A group of Tucson cycling friends rode a loop from Patagonia to the U.S. Mexico border and back to Patagonia recently. The loop is 50 miles, about 40 of it on dirt roads. It takes in mining ghost towns nestled in oak covered hills, and a broad expanse of high grassland ranches.
Halfway through the ride, we visited the border and inspected the relatively new vehicle barrier fence. It is made up of cut and welded railroad ties and rolls across the undulating valley like a row of carefully placed pick-up jacks.
I like that it stops vehicles, capable of carrying large loads of drugs or illegals, without hindering the free flow of wildlife.
The route is on Forest Service roads, very well maintained, but a challenge for some with skinnier tires. A road bike would not survive the trip, but two cross bikes did fine. There was one tire casualty. We rode Zippy, our touring tandem without difficulty.
This ride gives the workout of a longer ride on paved roads, with the upper body workout of a non-technical mountain bike ride, the best of both worlds. There is almost no traffic and the silence is a welcome change from city riding. The San Rafael Valley is surrounded by mountain ranges: Patagonia Mountains on the west, Canelo Hills on the northwest, and the Santa Rita Mountains to the north.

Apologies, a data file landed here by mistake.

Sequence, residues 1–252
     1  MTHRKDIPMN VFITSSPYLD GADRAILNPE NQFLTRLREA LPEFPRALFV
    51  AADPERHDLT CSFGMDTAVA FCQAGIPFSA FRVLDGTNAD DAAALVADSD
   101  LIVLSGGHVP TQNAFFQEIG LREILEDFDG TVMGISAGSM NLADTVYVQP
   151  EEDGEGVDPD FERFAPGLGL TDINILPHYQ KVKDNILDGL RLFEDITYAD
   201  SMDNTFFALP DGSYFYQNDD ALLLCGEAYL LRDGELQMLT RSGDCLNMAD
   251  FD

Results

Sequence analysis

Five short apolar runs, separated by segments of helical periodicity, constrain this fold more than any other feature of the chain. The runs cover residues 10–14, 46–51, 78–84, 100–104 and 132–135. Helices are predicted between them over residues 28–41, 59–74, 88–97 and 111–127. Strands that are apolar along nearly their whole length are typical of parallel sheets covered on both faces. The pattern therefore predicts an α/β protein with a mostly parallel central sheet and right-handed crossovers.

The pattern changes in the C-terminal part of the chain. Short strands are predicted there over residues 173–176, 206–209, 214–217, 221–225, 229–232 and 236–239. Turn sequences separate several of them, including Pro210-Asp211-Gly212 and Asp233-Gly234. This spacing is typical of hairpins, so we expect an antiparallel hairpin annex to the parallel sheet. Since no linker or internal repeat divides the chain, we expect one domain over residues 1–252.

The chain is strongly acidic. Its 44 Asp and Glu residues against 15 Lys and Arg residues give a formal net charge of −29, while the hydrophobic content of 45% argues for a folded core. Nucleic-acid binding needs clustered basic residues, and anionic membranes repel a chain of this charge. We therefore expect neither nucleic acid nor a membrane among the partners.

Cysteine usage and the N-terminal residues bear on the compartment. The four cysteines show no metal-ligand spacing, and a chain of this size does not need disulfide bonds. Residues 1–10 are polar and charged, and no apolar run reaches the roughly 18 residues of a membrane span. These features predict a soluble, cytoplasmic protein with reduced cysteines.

This is the West of imagination, the Marlboro Man leaning on his saddle horn surveying his herd. The valley is a favorite movie location.
The graded dirt road passes through or near the ghost towns (not all are abandoned) of Hershaw, Washington Camp, Duquesne and descends to the valley at Lochiel, where much of the land is in large ranch holdings.
Ranches in this part of Arizona are commonly in the thousands of acres.
The valley is a wide expanse of treeless grass with a few cattle and ranch houses in the distance. The riding is sublime and in spring and fall, cold in winter, hot in summer. Plan accordingly. Note that there is no water along the route.